DOI: 10.1161/circ.148.suppl_1.11932 ISSN: 0009-7322

Abstract 11932: Discharge Dichotomy: Lack of Appropriate Discharge Follow Up in ST-segment Elevation Myocardial Infarction With Non-Obstructive Coronary Arteries (STE-MINOCA) Patients

Shreya Makkapati, Morgan Venuti, Anika Ross, Oby Ibe, Daohai Yu, XIAONING LU, Sabrina Islam, Michael Gannon
  • Physiology (medical)
  • Cardiology and Cardiovascular Medicine

Introduction: Readmission after acute myocardial Infarction is a challenge in health care. Guidelines recommend early follow-up as those who do not have established follow-up are 10 times more likely to be re-hospitalized. This allows for close review of cardiac symptoms and medications. While there is substantive data about early follow up in the obstructive ST-Segment Elevation Myocardial Infarction (STE-Obstructive) populations improving readmission rates, there are minimal guidelines regarding follow up for STE-MINOCA patients.

Hypothesis: Does time to post-discharge outpatient care impact rate of readmission between STE-Obstructive and STE-MINOCA patients?

Methods: A single center, retrospective cohort study analyzed demographics and discharge pathways of patients meeting STEMI criteria who underwent coronary angiography. Discharge medications, follow up appointment, and readmissions were examined. Simple and multiple logistic regression analyses were used to explore the association between discharge pathways and clinical factors in two STEMI populations.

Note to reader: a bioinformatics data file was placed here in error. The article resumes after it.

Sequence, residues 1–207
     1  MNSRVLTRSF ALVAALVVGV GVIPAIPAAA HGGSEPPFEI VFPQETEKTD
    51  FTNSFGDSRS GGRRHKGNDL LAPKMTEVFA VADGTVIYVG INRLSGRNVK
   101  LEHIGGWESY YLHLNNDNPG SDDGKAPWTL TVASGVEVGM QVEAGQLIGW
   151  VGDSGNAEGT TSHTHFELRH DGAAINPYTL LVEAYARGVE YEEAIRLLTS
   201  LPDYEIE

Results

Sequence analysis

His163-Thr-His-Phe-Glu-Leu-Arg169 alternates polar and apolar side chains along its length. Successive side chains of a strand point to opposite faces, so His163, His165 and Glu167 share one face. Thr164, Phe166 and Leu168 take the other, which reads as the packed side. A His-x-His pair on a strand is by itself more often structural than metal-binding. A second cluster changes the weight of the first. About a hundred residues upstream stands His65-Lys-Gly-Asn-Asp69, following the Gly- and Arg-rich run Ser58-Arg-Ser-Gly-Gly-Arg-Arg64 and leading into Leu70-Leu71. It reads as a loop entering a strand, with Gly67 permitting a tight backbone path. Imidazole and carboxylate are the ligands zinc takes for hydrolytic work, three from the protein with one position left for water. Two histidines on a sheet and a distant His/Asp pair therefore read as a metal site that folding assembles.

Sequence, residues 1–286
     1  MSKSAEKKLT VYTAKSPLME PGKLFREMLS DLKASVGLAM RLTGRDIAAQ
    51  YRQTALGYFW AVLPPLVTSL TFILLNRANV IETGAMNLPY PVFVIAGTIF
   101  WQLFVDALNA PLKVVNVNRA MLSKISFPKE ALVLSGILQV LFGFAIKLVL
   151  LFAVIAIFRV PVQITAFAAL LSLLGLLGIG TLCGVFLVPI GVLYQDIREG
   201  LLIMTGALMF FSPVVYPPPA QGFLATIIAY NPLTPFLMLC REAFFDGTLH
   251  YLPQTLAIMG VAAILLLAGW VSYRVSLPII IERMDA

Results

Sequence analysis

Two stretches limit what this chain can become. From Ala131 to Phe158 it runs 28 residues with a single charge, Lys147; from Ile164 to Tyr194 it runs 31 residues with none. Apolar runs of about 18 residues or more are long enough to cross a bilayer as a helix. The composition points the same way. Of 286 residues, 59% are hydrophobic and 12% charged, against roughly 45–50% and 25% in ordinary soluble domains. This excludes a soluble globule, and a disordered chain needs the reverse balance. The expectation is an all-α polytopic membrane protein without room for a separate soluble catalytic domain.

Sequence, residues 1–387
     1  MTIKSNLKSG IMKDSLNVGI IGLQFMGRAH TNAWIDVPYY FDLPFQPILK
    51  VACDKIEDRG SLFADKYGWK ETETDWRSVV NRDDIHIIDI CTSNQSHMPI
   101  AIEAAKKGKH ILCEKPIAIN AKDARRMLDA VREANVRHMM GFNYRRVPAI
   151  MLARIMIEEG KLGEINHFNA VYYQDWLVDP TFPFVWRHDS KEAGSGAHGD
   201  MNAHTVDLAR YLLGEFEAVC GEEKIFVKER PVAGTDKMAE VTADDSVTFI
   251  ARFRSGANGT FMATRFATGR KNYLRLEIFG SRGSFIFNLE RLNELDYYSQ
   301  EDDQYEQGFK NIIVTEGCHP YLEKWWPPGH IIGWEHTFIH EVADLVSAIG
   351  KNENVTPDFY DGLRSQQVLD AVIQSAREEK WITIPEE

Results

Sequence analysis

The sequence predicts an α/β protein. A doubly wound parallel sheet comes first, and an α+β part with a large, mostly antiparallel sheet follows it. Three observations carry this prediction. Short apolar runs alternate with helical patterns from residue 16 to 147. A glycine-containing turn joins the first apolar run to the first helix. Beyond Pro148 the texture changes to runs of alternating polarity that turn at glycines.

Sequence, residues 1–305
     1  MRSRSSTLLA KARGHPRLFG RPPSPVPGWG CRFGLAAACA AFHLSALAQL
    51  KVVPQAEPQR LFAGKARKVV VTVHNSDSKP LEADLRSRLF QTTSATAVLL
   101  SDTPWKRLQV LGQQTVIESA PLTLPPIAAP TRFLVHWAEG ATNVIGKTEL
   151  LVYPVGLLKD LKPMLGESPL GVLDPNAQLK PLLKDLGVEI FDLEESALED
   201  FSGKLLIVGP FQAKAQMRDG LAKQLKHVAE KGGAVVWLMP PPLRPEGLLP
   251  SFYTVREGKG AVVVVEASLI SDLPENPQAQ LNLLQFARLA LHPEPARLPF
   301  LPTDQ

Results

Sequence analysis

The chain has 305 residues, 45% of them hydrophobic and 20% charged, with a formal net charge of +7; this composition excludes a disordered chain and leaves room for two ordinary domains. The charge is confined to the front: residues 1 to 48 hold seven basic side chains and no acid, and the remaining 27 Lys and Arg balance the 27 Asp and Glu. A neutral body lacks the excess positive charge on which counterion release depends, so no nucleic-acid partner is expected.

Results: 377 of 433 patients survived discharge with a median age of 59. Of those who survived, 63.9% were male, 44.3% Black, 30.2% Hispanic, and 82.7% had government-issued insurance. STE-Obstructive patients had significantly higher rates of follow up (p=0.0006) and earlier than STE-MINOCA patients (p=0.052) (Table 1). Despite differences in follow up, readmissions for cardiovascular issues were not significantly different between the STE-MINOCA and STE-Obstructive patients. Of note 64% of STE-MINOCA patients who were readmitted did not have follow up prior to readmission.

Conclusions: STE-MINOCA patients had longer time to follow up and less follow up than STE-Obstructive patients. Readmission rates between the two groups were similar. Further studies are required to explore the role of earlier follow up in STE-MINOCA clinical trajectory.

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